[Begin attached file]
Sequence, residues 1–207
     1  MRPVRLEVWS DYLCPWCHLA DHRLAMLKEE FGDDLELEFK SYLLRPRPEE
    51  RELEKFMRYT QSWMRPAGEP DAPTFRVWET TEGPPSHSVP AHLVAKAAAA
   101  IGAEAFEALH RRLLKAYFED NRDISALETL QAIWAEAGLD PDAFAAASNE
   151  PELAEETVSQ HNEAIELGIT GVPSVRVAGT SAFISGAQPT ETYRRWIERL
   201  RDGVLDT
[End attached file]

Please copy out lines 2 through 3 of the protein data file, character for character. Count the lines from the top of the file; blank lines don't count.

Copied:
     1  MRPVRLEVWS DYLCPWCHLA DHRLAMLKEE FGDDLELEFK SYLLRPRPEE
    51  RELEKFMRYT QSWMRPAGEP DAPTFRVWET TEGPPSHSVP AHLVAKAAAA